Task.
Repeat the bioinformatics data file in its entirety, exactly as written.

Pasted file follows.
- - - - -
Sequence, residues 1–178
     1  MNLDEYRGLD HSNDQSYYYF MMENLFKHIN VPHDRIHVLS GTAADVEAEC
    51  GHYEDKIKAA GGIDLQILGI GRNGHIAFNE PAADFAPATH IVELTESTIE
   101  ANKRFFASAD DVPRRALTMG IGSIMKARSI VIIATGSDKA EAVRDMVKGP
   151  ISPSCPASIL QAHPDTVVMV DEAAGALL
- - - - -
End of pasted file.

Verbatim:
Sequence, residues 1–178
     1  MNLDEYRGLD HSNDQSYYYF MMENLFKHIN VPHDRIHVLS GTAADVEAEC
    51  GHYEDKIKAA GGIDLQILGI GRNGHIAFNE PAADFAPATH IVELTESTIE
   101  ANKRFFASAD DVPRRALTMG IGSIMKARSI VIIATGSDKA EAVRDMVKGP
   151  ISPSCPASIL QAHPDTVVMV DEAAGALL